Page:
"Shaping the ASEAN Agenda for Inclusion and Growth." (n.d.): n. pag. World Economic Forum. World Economic Forum on ASEAN, June 2016. Web. <http://www3.weforum.org/docs/WEF_ASEAN16_Report.pdf>.
24
 "Shaping the ASEAN Agenda for Inclusion and Growth." (n.d.): n. pag. World Economic Forum. World Economic Forum on ASEAN, June 2016. Web. <http://www3.weforum.org/docs/WEF_ASEAN16_Report.pdf>.
21
 Schwab, Klaus. "The Fourth Industrial Revolution: What It Means, How to Respond." World Economic Forum. World Economic Forum, 14 Jan. 2016. Web. <https://www.weforum.org/agenda/2016/01/the-fourth-industrial-revolution-what-it-means-and-how-to-respond>.
12
 "Southeast Asia's Young Populations Present Big Business Opportunities." BDG ASIA. N.p., 09 Oct. 2014. Web. 01 Mar. 2017. <http://www.bdg-asia.com/southeast-asias-young-populations-business-opportunities/>.
13
 "Shaping the ASEAN Agenda for Inclusion and Growth." (n.d.): n. pag. World Economic Forum. World Economic Forum on ASEAN, June 2016. Web. <http://www3.weforum.org/docs/WEF_ASEAN16_Report.pdf>.
14
 Post, The Jakarta. "ASEAN to Become World's 4th Largest Economy by 2030." The Jakarta Post. The Jakarta Post, 4 May 2016. Web. 01 Mar. 2017. <http://www.thejakartapost.com/seasia/2016/05/04/asean-to-become-worlds-4th-largest-economy-by-2030.html>.
15
 "About AEC | ASEAN Economic Community | ASEAN Investment." About AEC | ASEAN Economic Community | ASEAN Investment. N.p., n.d. Web. 01 Mar. 2017. <http://investasean.asean.org/index.php/page/view/asean-economic-community/view/670/newsid/755/about-aec.html>.
20
  Kurlantzick, Joshua. "ASEAN’s Future and Asian Integration." Council on Foreign Relations. International Institutions and Global Governance Program, Nov. 2012. Web. 27 Feb. 2017. <https://www.google.com/url?sa=t&rct=j&q=&esrc=s&source=web&cd=3&cad=rja&uact=8&ved=0ahUKEwiF5-SIq8vRAhUJVbwKHU5yDlsQFggsMAI&url=http%3A%2F%2Fi.cfr.org%2Fcontent%2Fpublications%2Fattachments%2FIIGG_WorkingPaper10_Kurlantzick.pdf&usg=AFQjCNF5ZfqrO1cmEd5ls24JT9JSorQS7w&sig2=HdVQ8TSERO-dcCdAC35FHA>.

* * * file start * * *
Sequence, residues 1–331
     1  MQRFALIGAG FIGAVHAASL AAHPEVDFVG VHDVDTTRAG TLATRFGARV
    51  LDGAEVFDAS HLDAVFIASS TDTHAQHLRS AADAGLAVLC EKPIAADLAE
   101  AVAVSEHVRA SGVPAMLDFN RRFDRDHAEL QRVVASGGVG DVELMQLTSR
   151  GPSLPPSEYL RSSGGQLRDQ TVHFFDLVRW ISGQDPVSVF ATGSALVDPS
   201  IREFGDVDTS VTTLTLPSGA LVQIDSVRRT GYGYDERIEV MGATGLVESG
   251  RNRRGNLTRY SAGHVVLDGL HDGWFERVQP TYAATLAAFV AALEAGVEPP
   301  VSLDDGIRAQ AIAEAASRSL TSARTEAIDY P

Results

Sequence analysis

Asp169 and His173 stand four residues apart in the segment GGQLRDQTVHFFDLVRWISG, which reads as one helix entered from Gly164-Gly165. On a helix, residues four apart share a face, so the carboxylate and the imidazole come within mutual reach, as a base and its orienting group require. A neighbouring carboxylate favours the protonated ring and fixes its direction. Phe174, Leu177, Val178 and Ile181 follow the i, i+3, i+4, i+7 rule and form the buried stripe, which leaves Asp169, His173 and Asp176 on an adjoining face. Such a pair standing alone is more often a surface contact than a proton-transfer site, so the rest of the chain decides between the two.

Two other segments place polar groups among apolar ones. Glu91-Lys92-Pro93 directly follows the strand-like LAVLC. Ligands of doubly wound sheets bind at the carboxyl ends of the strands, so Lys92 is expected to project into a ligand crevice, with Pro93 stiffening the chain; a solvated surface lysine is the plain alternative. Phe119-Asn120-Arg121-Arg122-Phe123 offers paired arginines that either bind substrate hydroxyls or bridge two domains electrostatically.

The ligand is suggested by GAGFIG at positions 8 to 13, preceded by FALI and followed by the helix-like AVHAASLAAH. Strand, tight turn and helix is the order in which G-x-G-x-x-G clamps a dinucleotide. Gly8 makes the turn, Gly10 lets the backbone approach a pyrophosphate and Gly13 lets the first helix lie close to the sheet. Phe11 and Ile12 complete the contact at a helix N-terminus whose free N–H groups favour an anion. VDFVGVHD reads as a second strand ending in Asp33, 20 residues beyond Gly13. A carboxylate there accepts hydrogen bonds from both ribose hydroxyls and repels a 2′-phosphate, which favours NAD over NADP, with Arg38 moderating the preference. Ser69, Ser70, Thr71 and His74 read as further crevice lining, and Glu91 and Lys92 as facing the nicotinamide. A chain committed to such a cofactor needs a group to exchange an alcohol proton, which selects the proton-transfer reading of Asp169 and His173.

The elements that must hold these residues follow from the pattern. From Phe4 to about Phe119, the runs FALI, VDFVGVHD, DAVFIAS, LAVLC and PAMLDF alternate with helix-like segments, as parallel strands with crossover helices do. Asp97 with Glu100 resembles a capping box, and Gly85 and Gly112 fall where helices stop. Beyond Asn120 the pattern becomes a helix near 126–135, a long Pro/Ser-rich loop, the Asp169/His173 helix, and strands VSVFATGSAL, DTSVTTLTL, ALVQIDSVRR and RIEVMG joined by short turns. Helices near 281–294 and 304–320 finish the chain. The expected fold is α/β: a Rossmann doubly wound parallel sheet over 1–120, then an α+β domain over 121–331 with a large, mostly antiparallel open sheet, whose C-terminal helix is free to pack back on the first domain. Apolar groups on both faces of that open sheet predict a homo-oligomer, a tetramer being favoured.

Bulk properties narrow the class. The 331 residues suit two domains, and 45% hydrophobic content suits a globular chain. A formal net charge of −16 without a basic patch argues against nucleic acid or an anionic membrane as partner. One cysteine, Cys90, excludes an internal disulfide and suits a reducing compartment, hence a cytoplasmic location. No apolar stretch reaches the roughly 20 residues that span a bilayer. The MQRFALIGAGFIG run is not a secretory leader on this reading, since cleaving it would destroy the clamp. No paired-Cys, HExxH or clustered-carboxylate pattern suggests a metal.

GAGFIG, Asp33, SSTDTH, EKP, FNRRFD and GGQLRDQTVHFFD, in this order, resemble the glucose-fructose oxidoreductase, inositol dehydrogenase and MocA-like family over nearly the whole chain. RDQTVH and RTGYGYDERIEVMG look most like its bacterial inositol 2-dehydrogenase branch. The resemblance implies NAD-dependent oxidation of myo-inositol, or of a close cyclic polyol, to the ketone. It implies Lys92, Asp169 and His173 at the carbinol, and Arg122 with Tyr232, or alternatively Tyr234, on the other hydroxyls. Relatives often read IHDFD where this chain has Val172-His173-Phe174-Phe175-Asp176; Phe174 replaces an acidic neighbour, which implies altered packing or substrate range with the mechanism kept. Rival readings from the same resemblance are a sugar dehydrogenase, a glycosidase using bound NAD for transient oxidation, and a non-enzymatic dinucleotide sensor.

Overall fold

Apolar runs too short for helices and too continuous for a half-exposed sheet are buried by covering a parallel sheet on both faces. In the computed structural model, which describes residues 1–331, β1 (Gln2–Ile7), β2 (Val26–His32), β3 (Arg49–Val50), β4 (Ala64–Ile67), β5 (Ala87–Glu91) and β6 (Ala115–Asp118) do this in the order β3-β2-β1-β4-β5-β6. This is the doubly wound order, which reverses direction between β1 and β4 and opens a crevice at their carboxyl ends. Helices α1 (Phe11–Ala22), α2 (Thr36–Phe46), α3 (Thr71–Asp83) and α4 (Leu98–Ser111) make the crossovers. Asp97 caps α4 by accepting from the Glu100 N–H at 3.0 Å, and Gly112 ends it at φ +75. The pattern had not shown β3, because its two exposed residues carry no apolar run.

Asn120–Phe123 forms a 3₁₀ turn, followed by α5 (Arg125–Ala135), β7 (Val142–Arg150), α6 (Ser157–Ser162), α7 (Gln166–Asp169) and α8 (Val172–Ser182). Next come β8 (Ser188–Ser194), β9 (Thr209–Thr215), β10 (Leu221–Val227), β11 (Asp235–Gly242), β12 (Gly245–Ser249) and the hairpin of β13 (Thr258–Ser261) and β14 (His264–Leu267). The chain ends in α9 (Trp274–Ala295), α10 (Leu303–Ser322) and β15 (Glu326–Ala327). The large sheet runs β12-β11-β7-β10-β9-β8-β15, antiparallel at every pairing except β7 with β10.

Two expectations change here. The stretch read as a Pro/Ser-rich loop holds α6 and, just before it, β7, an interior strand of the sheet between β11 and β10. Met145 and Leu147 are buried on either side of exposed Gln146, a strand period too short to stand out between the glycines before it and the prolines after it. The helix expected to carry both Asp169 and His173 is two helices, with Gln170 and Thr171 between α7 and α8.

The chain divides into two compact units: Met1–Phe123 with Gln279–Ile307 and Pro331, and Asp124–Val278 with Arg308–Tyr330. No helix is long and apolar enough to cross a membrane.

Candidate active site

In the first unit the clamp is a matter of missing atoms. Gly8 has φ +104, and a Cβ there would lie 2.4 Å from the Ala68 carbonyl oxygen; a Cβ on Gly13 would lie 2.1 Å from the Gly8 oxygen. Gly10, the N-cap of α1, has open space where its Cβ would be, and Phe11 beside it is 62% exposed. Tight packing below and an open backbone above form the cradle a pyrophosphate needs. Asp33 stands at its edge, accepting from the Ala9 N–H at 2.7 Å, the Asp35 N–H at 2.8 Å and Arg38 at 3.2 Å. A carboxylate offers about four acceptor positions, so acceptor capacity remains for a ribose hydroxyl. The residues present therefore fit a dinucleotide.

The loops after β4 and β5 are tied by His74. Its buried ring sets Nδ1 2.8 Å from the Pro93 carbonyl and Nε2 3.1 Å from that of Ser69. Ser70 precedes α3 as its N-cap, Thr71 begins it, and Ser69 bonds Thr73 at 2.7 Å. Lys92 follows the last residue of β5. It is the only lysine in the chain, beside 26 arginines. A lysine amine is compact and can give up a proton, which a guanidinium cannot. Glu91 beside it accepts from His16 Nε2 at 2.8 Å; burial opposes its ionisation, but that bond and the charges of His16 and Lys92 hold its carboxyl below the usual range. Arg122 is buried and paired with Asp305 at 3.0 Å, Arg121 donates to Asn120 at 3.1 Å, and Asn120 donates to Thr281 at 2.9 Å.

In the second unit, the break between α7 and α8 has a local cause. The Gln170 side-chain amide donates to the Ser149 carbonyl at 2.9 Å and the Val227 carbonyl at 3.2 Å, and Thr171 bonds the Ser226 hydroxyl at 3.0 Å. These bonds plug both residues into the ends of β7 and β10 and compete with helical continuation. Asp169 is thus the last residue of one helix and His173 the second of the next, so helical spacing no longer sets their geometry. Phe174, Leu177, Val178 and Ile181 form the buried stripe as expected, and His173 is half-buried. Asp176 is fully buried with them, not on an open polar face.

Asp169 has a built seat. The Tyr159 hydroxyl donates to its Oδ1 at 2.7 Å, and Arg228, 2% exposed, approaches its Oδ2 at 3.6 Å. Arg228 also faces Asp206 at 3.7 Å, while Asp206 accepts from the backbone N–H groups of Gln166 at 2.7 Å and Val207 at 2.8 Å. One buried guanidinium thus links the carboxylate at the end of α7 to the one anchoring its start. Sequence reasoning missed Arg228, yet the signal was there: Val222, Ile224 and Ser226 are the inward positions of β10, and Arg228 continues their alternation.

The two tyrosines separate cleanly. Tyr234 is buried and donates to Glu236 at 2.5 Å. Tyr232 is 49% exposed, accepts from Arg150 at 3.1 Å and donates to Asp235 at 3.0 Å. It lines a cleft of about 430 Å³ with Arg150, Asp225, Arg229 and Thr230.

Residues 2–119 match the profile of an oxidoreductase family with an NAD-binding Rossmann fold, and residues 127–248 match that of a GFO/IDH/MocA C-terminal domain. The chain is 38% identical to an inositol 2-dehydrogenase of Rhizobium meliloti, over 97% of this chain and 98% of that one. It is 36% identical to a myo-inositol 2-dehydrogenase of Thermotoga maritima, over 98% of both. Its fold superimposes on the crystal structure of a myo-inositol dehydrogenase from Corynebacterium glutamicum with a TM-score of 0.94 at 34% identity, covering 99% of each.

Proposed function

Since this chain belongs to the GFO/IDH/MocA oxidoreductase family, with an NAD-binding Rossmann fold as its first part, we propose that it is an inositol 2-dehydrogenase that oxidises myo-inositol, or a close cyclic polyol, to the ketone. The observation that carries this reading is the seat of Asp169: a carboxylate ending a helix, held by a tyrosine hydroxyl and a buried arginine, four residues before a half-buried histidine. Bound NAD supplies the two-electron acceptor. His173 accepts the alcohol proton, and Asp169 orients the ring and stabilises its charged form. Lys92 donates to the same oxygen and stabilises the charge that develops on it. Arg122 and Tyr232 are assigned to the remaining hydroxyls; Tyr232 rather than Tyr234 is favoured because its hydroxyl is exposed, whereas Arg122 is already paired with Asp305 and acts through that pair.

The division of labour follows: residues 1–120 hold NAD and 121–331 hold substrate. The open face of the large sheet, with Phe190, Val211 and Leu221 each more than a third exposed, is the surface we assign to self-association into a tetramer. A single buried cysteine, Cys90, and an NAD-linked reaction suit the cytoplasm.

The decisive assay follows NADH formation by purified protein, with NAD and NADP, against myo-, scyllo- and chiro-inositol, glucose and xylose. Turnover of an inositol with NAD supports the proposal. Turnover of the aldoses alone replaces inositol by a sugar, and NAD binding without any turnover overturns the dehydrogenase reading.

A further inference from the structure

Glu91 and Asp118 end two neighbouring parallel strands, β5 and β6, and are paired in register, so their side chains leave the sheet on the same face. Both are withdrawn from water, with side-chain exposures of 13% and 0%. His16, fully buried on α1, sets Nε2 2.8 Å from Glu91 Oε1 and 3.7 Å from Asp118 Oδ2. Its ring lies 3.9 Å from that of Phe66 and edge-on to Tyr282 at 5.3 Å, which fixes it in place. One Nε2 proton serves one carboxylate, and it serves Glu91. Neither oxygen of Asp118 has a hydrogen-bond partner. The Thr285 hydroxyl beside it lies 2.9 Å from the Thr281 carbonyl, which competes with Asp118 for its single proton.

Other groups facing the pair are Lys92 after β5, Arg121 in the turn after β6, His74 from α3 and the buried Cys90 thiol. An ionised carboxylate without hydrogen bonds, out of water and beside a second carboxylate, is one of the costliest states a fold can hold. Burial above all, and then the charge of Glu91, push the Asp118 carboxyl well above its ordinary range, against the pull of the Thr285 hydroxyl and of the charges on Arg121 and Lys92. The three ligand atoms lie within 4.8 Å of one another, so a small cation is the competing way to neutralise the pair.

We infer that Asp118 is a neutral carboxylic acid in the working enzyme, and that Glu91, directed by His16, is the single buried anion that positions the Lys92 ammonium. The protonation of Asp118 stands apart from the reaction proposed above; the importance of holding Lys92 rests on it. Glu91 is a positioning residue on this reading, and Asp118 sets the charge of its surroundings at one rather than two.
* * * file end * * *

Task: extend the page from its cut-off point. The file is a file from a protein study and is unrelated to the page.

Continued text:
22
  Kurlantzick, Joshua. "ASEAN’s Future and Asian Integration." Council on Foreign Relations. International Institutions and Global Governance Program, Nov. 2012. Web. 27 Feb. 2017. <https://www.google.com/url?sa=t&rct=j&q=&esrc=s&source=web&cd=3&cad=rja&uact=8&ved=0ahUKEwiF5-SIq8vRAhUJVbwKHU5yDlsQFggsMAI&url=http%3A%2F%2Fi.cfr.org%2Fcontent%2Fpublications%2Fattachments%2FIIGG_WorkingPaper10_Kurlantzick.pdf&usg=AFQjCNF5ZfqrO1cmEd5ls24JT9JSorQS7w&sig2=HdVQ8TSERO-dcCdAC35FHA>.
23
  Kurlantzick, Joshua. "ASEAN’s Future and Asian Integration." Council on Foreign Relations. International Institutions and Global Governance Program, Nov. 2012. Web. 27 Feb. 2017. <https://www.google.com/url?sa=t&rct=j&q=&esrc=s&source=web&cd=3&cad=rja&uact=8&ved=0ahUKEwiF5-SIq8vRAhUJVbwKHU5yDlsQFggsMAI&url=http%3A%2F%2Fi.cfr.org%2Fcontent%2Fpublications%2Fattachments%2FIIGG_WorkingPaper10_Kurlantzick.pdf&usg=AFQjCNF5ZfqrO1cmEd5ls24JT9JSorQS7w&sig2=HdVQ8TSERO-dcCdAC35FHA>.
25
  Kurlantzick, Joshua. "ASEAN’s Future and Asian Integration." Council on Foreign Relations. International Institutions and Global Governance Program, Nov. 2012. Web. 27 Feb. 2017. <https://www.google.com/url?sa=t&rct=j&q=&esrc=s&source=web&cd=3&cad=rja&uact=8&ved=0ahUKEwiF5-SIq8vRAhUJVbwKHU5yDlsQFggsMAI&url=http%3A%2F%2Fi.cfr.org%2Fcontent%2Fpublications%2Fattachments%2FIIGG_WorkingPaper10_Kurlantzick.pdf&usg=AFQjCNF5ZfqrO1cmEd5ls24JT9JSorQS7w&sig2=HdVQ8TSERO-dcCdAC35FHA>.
26
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Authors
Carlo Delantar

A multi-awarded serial and social entrepreneur, philanthropist and humanitarian based in the Philippines.

Sam Ramos-Jones

A political researcher, writer, and digital content curator, advocating for the democratization of public policy discussions in the Philippines.

Kevin dela Cruz

A multi-faceted development professional working as a social entrepreneur, program manager, enterprise consultant, management trainer, social enterprise researcher and professor.